Following reports that the company had been breached by hackers who stole information on zero-day vulnerabilities, VUPEN Security CEO Chaouki Bekrar recently told Computerworld's Jaikumar Vijayan that no breach had occurred.

"It's unclear how speculation of the breach started," Vijayan writes. "Many reports pointed to a brief post by security blogger Kevin Townsend that talked about VUPEN being hacked and data on the zero-day flaws leaked. The report was picked up by other blogs and tweeted widely on Twitter."

Yesterday, Bekrar following up by tweeting, "To make things very clear, the imaginary compromise story is just bullsh*t, nothing happend at all. Sorry to the trollers :-]"

"If a company like VUPEN had been hacked, it would indeed be big news," notes CSO Online's John E. Dunn. "It is a research house that makes money by discovering valuable vulnerabilities, ideally unpatched 'zero days', which are then revealed to paying customers. Such data is dangerous enough that its theft and possible sudden release on this scale would be unprecedented. VUPEN is most famous for its impressive compromises of Google's Chrome browser during the 'Pwnium' open hacking event. Its non-disclosure modus operandi remains controversial in some quarters."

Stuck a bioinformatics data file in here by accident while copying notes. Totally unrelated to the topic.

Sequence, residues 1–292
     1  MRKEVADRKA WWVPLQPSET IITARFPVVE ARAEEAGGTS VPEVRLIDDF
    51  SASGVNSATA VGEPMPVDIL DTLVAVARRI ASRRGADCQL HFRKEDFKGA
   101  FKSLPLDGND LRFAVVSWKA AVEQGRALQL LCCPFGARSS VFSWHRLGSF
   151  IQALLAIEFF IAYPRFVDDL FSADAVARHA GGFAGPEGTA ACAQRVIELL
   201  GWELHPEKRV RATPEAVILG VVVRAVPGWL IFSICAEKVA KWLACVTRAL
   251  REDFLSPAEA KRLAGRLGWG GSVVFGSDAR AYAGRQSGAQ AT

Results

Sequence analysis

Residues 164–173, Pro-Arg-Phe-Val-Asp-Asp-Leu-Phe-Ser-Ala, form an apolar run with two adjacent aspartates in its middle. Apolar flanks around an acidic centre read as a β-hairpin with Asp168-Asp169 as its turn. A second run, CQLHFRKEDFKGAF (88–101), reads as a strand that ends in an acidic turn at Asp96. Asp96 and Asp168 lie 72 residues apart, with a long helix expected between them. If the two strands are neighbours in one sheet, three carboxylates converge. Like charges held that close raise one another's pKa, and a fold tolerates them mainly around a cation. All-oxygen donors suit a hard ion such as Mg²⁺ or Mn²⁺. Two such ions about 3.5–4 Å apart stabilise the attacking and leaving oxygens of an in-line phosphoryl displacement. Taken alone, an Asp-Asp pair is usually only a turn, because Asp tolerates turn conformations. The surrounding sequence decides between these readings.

"Some software vendors have been quite vocal in their criticism of what VUPEN does and how the company conducts its business," writes Threatpost's Dennis Fisher. "However, it's somewhat difficult -- but not impossible -- to imagine a major software vendor starting a disinformation campaign against VUPEN, just to try and discredit the company. VUPEN is far from the only company in the business of selling bugs; it's just the most vocal and visible one. If VUPEN were to go away tomorrow, there would be plenty of competition to pick up the slack, and companies such as Google, Microsoft and Apple, whose products are the target of the bugs VUPEN sells, would still have vulnerabilities and there still would be buyers for them."